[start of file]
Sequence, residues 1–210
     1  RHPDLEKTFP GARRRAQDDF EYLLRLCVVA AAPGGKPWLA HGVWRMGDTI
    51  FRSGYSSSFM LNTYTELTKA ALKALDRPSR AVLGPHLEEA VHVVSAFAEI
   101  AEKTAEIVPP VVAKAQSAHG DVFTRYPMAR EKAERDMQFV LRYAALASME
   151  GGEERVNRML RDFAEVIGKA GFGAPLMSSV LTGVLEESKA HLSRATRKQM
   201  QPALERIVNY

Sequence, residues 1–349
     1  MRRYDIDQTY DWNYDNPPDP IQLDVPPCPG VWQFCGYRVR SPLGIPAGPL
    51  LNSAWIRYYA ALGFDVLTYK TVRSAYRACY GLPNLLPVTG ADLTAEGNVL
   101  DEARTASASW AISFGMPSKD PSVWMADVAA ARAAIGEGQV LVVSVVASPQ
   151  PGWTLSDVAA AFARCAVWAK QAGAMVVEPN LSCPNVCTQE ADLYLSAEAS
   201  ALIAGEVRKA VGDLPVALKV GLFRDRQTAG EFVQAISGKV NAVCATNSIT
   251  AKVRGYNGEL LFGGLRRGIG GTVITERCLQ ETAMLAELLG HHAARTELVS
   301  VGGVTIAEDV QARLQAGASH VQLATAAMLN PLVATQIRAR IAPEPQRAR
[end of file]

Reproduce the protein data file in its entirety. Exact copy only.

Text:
Sequence, residues 1–210
     1  RHPDLEKTFP GARRRAQDDF EYLLRLCVVA AAPGGKPWLA HGVWRMGDTI
    51  FRSGYSSSFM LNTYTELTKA ALKALDRPSR AVLGPHLEEA VHVVSAFAEI
   101  AEKTAEIVPP VVAKAQSAHG DVFTRYPMAR EKAERDMQFV LRYAALASME
   151  GGEERVNRML RDFAEVIGKA GFGAPLMSSV LTGVLEESKA HLSRATRKQM
   201  QPALERIVNY

Sequence, residues 1–349
     1  MRRYDIDQTY DWNYDNPPDP IQLDVPPCPG VWQFCGYRVR SPLGIPAGPL
    51  LNSAWIRYYA ALGFDVLTYK TVRSAYRACY GLPNLLPVTG ADLTAEGNVL
   101  DEARTASASW AISFGMPSKD PSVWMADVAA ARAAIGEGQV LVVSVVASPQ
   151  PGWTLSDVAA AFARCAVWAK QAGAMVVEPN LSCPNVCTQE ADLYLSAEAS
   201  ALIAGEVRKA VGDLPVALKV GLFRDRQTAG EFVQAISGKV NAVCATNSIT
   251  AKVRGYNGEL LFGGLRRGIG GTVITERCLQ ETAMLAELLG HHAARTELVS
   301  VGGVTIAEDV QARLQAGASH VQLATAAMLN PLVATQIRAR IAPEPQRAR